But We're Growing

Posted on April 17, 2013 by Ben Connard

A company growing its revenue and improving operating margins is generally increasing its cash flow. When buying a stock, you are essentially buying its future cash flows (discounted to its present value). Therefore, companies that demonstrate revenue growth and improving margins are generally rewarded with higher stock prices as their future cash flows will be greater. And a company that has a proven track record of generating and growing cash is generally rewarded with a high Price/Earnings multiple.

The opposite is also true. Companies that don’t grow their revenue or have falling margins also have falling stock prices. Growth with little margin improvement is also generally frowned upon. Cisco has had this problem. It’s been forced to cut prices to grow sales but that has caused its margins to deteriorate. This past quarter, the company found a balance of price reduction that spurred growth and cost cuts that helped steady margins. The market rewarded its performance sending that stock up 4.8% after it released earnings.

Other companies get a pass on their margins and are labeled growth stories. Salesforce.com (CRM) and Amazon.com (AMZN) are two examples.

CRM’s cost of revenue and operating expenses both increased during the most recent quarter- and the stock went up 7%. The bulls point to the 35% sales growth and the transformative nature of its “software as a service” business model. We point to the 41% increase in sales and marketing expenses as a sign the company is forced to spend more to grow less. And the increased competition from Oracle, SAP and Microsoft is not exactly adding to CRM’s pricing power. Over the last few years, CRM’s cost of goods sold, sales & marketing, and research & development all have increased as a percent of revenue. CRM management ignores some of these costs when reporting non-GAAP results to boosts its earnings. For example, CRM spent $230M in stock compensation last year, which is a non-cash charge and can be added to the cash flow. But if you ignore stock compensation, you have to include the 11M options outstanding that could dilute the company’s shares by almost 10% if not bought back. And stock buybacks to prevent option dilution do not help current shareholders as cash is reduced but the share count stays the same. CRM also has spent almost $1B over the last 2 and a half years on acquisitions in order to keep the growth rate higher. Growing through acquisitions is not a long-term strategy. It’s hard to leverage one’s current business when management’s time is occupied integrating the latest series of acquisitions.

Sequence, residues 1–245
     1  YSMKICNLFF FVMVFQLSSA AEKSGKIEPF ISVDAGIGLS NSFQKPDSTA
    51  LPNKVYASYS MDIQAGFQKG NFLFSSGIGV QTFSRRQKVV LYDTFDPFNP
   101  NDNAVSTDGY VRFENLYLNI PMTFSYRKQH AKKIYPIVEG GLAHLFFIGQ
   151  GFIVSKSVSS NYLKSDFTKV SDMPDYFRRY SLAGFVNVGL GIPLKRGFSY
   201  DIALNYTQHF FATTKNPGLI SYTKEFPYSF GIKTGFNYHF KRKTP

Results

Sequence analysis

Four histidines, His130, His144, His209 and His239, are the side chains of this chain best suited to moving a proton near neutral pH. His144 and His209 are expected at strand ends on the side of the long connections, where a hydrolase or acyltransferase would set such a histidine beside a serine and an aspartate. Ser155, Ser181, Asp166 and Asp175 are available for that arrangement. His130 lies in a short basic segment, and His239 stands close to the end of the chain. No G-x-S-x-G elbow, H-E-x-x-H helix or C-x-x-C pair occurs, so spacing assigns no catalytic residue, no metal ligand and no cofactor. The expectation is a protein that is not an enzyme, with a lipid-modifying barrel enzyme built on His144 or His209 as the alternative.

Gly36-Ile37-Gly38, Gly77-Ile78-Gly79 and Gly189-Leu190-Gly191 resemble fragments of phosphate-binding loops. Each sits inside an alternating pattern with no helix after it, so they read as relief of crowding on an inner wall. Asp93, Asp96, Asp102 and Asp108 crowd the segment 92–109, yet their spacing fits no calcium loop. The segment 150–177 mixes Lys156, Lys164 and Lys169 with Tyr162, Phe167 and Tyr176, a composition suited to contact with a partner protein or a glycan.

AMZN is another growth story. It currently is the most expensive company is the S&P 500 with a P/E multiple of 465 (CRM does not have a P/E multiple since its EPS are negative). Last quarter, AMZN’s revenue increased 27%, but its operating expenses went up 28%. AMZN’s latest expense is opening 19 fulfillment centers around the country to offer faster delivery to customers for the holiday season. It’s also spending money on servers for its Web Services and media business—providing infrastructure to web-based businesses and streaming movies.

Amazon is rolling out more Kindles which are sold at or near cost in the hopes that AMZN will make money on purchases through the devices. This strategy works in theory as eventually AMZN pulls back spending and generates more and more cash, but that assumes spending will stop. Some think AMZN wants to eventually offer same day shipping for certain items, which means more spending on warehouses and shipping centers. AMZN also plans to expand its streaming business which means paying more studios for movies and increased spending on streaming infrastructure. AMZN’s never going to be able to say, “OK, we’re done spending, now we’ll just sit here and generate cash.” It will continue to face competition in retail from Wal- Mart and others, in streaming movies from Netflix and iTunes, and in tablets from Apple, Google, Microsoft, etc.

Both Salesforce and Amazon have failed to prove that they can generate cash using their current business models. Until that happens, we find little reason to be impressed with their growth and no reason to invest in their stock.